Where is Frances Burney? Irony, Free Indirect Discourse, and the Cultural Critic in Cecilia

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Department of Humanities


While recent studies often praise Frances Burney’s novels for their irreverent social criticism, many see Burney’s second novel Cecilia as a more perplexing work. Although its eponymous protagonist seems to embody Burney’s intellectual and moral independence, Burney submits Cecilia to humiliation and dispossession, leading some critics to view the novel as ambiguous or flawed. Such readings mistakenly assume that Cecilia really is the model of independence and sensibility that she takes herself to be. Instead of simply depicting her protagonist as a moral paragon, Burney uses irony and free indirect discourse to layer seeming praise for Cecilia with subtle critiques of Cecilia’s cultural escapism. The novel’s narration reveals Cecilia’s affection for sentimental literature, philanthropy, and music to be ironically paradoxical, as it is often tainted by the very consumerism and artifice that sentimentality was supposed to avoid. Simultaneously, Burney’s narrative techniques allow readers to engage the novel with a level of critical reflection that Cecilia often lacks. Cecilia marks the beginning of Burney’s move away from sentimental tropes and toward more modern techniques of engaging readers and eliciting their responses.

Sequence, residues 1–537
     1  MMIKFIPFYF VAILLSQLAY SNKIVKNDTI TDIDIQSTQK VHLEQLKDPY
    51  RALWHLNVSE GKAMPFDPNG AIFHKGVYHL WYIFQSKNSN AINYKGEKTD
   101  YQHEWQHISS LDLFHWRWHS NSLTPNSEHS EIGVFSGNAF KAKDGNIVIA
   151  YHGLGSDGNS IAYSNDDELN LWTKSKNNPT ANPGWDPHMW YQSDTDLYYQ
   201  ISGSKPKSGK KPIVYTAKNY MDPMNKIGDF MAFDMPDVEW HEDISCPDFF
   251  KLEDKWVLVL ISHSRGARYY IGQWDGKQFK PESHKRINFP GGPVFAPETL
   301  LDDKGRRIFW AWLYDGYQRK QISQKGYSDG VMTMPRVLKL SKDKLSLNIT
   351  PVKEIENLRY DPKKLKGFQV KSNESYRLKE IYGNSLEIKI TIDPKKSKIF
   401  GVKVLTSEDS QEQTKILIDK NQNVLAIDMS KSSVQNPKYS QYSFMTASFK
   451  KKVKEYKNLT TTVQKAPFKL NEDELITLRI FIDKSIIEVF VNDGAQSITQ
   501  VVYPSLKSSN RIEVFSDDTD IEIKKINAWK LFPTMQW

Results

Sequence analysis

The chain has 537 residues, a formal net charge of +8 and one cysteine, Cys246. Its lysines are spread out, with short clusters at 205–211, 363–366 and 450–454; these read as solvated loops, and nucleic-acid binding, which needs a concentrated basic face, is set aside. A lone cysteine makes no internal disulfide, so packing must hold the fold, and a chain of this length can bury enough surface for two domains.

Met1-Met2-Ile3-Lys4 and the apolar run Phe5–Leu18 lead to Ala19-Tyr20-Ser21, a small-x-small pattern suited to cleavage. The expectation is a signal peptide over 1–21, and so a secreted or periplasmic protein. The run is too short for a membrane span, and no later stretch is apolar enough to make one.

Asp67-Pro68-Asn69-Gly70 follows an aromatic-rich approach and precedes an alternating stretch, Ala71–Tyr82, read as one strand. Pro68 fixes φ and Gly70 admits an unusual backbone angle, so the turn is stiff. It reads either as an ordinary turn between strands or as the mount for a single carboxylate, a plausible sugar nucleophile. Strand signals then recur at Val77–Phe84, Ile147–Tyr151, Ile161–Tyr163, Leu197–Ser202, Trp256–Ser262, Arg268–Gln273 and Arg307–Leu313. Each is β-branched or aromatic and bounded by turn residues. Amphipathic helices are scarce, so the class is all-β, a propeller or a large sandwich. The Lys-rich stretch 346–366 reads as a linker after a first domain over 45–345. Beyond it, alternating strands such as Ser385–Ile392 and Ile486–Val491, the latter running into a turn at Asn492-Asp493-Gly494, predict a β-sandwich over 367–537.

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Women's Writing